Are Summer Festivals Appropriate for Our Furry Friends?
The sun is shining and the temperatures are soaring… it’s a good time to be outside in Ohio! We have so many opportunities to enjoy local fairs and festivals in Southern Ohio with our friends and family, but should we be including the four-pawed members of our household? Pet experts vary on this opinion. Many veterinarians and trainers encourage pet owners to leave Fido at home in the air conditioning versus exposing them to the dangers of crowded, overheated, loud events. Others say that, with appropriate precautions, it is absolutely a fantastic way to socialize your dog to a variety of people.
Always check with the organizers that the event you plan to attend does allow pets. The larger, multi-day Festivals such as Coachella and Bunbury strictly forbid dogs (with the exception of service dogs) But block parties, street fairs and farmer’s market may be just the place to include your dog in outdoor activities.
For the well-being of your dog and other attendees, make sure that your dog is comfortable in crowds. This means your dog should not startle easily or be aggressive towards other dogs. When dogs feel threatened or scared, they are more likely to bite. And dogs are free game to petting toddlers and large humans at crowded events, so watch them carefully. Puppies that have not be fully vaccinated should NEVER attend a crowded event. Nor should frail or small dogs that could be stepped on or otherwise hurt in the press of a crowd. It is not appropriate to expose young dogs to a crowd as a socialization exercise… too many things could go wrong and that is something that is very difficult for a puppy to recover from. Instead of having a crowd-savvy dog, you may have just created a fearful and untrusting pup.
Make Like a Scout and Be Prepared!
- While there may be plenty of human refreshments available at the venue, it is important to bring food and water for your pet as well. Speaking of funnel cake: keep a close eye on your dog… he should not be eating the wide variety of fried foods that litter the ground. Dogs can develop an extremely painful condition called pancreatitis from ingesting fatty foods.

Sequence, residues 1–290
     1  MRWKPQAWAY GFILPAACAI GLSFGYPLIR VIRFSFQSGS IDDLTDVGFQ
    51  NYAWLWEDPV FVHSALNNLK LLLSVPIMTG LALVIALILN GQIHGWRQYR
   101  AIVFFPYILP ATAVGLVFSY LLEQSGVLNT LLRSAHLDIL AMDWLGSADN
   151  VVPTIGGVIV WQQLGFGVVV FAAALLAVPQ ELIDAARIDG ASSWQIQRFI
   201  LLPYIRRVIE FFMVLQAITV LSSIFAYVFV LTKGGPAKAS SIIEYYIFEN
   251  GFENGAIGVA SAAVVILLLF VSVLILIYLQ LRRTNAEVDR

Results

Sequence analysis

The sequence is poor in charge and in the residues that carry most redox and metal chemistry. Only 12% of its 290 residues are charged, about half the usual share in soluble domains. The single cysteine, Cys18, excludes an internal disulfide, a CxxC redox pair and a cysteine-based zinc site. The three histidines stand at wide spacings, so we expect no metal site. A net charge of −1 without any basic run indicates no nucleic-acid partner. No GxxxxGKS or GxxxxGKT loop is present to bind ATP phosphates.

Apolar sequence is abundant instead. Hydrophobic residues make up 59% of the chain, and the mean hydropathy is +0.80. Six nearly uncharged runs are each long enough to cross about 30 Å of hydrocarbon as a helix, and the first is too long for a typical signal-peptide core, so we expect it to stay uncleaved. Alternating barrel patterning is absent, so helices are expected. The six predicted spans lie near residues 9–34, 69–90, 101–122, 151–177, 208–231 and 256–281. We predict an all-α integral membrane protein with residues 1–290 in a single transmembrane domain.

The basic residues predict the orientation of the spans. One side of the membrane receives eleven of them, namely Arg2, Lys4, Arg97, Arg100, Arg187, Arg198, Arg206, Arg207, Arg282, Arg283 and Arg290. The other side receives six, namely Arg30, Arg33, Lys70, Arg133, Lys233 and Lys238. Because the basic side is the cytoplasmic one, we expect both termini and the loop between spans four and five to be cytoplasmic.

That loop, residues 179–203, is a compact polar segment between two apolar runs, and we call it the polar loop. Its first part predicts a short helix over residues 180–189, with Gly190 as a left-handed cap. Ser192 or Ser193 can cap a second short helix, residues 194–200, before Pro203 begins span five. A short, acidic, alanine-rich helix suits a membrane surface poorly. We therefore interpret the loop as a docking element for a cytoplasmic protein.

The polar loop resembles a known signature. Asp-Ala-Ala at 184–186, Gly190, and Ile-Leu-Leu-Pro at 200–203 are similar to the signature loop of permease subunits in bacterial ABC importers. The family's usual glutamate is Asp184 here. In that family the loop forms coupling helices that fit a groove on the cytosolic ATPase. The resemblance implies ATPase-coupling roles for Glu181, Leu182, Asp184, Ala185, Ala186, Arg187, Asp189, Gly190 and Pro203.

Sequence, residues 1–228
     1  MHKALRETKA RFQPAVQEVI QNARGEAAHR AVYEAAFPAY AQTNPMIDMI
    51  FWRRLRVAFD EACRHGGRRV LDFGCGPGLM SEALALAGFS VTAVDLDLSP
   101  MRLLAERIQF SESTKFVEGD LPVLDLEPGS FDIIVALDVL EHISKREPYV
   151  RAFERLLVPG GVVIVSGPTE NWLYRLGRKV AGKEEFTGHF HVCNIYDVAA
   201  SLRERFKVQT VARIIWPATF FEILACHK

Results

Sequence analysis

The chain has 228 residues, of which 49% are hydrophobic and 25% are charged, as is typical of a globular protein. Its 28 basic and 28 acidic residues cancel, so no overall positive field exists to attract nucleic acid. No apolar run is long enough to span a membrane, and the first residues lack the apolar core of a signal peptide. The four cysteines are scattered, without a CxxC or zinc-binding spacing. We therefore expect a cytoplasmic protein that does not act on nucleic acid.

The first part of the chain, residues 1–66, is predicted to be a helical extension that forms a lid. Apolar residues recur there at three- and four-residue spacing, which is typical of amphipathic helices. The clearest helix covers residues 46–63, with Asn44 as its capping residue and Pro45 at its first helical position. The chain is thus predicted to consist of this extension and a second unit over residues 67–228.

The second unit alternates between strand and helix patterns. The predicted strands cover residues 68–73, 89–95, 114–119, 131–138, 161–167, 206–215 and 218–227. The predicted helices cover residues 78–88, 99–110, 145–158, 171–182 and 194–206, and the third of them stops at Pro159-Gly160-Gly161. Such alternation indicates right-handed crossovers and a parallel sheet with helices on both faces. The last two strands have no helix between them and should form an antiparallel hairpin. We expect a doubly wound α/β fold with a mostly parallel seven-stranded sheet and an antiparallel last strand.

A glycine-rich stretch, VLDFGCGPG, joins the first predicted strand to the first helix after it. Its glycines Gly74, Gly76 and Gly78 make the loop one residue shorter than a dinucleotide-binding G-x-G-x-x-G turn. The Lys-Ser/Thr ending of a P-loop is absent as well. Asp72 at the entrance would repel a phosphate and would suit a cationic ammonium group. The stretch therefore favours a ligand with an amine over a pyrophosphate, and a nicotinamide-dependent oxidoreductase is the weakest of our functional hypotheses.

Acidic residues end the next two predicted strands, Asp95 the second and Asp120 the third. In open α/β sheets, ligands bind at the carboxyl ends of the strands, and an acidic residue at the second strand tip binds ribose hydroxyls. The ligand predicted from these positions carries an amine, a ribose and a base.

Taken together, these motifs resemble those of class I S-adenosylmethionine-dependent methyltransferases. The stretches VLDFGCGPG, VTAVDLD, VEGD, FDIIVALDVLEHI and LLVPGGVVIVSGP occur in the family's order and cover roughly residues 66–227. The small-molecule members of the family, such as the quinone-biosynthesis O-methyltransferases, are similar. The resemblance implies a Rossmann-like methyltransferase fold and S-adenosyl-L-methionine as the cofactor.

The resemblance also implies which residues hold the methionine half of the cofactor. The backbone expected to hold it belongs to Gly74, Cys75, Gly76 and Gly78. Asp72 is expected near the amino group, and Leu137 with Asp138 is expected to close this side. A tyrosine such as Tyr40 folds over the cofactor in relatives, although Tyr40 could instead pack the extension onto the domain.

- Hydration is extremely vital for dogs. Not only are they wearing fur coats, they are closer to the ground where it is often hotter due to the lack of air circulation. Give them plenty of shade-breaks on cool grass, keep them off the scalding hot asphalt, and make sure they are wearing dog-approved sunscreen, insect-repellent, shades or visors to cut down on sun damage.
- Potty Etiquette is important as well. Give your pet potty breaks away from the distraction of the festival. Make sure you bring bags and dispose of waste in the many trash cans that can be found on-site. If your dog feels the need to mark territory throughout the festival, leave him home next time.
- Have you ever been to an event and observed a child clutching their ears in obvious distress? Dogs’ ears are a thousand times more sensitive. Keep them away from speakers, or invest in Mutt Muffs to protect their delicate ears.
- Proper and up-to-date identification is vital to ensure you can quickly retrieve a lost pet. Make sure your dog’s collar tags have your cell phone information on them and that their microchip identification is up to date (if they slip out of their collar). Some events even mandate that the dog have a current license in their county of residence.
Your entire family can enjoy the fair if you follow these safety precautions. One final tip: Fido may be ready to call it a day before you are: look for signs of fatigue and irritability and get him home to rest up, the only thing worse than a cranky toddler is a grumpy greyhound!
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